In addition to the guns, a guided-missile destroyer is usually equipped with two large missile magazines, usually in vertical-launch cells. Some guided-missile destroyers contain powerful radar systems, such as the United States’ Aegis Combat System, and may be adopted for use in an anti-missile or ballistic-missile defense role. This is especially true of navies that no longer operate cruisers, so other vessels must be adopted to fill in the gap.Ingalls Shipbuilding
Ingalls Shipbuilding is a shipyard located in Pascagoula, Mississippi, United States, originally established in 1938, and now part of Huntington Ingalls Industries. It is a leading producer of ships for the United States Navy, and at 12,500 employees, the second largest private employer in Mississippi with WalMart being the largest with 24,000 employees.Isaac C. Kidd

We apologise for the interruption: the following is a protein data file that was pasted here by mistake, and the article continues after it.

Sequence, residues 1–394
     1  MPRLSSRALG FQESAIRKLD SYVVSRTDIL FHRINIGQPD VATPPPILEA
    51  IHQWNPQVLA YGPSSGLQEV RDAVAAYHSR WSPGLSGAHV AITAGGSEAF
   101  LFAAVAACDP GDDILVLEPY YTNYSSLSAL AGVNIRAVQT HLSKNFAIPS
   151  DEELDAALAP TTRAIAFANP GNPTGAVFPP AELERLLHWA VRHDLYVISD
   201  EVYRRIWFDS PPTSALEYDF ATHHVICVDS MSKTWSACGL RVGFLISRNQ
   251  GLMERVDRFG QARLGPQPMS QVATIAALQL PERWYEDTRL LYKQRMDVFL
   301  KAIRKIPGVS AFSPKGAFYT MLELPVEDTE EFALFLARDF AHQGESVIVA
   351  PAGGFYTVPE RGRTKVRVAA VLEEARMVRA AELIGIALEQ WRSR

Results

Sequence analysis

For his son, also an admiral (1919–1999), see Isaac C. Kidd, Jr.Isaac Campbell Kidd (March 26, 1884 – December 7, 1941) was an American Rear Admiral in the United States Navy. Kidd was killed on the bridge of USS Arizona during the Japanese attack on Pearl Harbor. He was the father of Admiral Isaac C. Kidd, Jr. He was a posthumous recipient of his nation's highest military honor—the Medal of Honor. The highest ranking casualty at Pearl Harbor, he became the first U.S. Navy flag officer killed in action in World War II as well as the first killed in action against any foreign enemy. A Fletcher-class destroyer, Kidd (DD-661), was commissioned in his honor on April 23, 1943. The second ship named after him, Kidd (DDG-993), lead ship of four Kidd-class destroyers, was commissioned on March 27, 1981. An Arleigh Burke-class guided missile destroyer, Kidd (DDG-100), was the third ship named after him and was commissioned on June 9, 2007.List of equipment of the United States Navy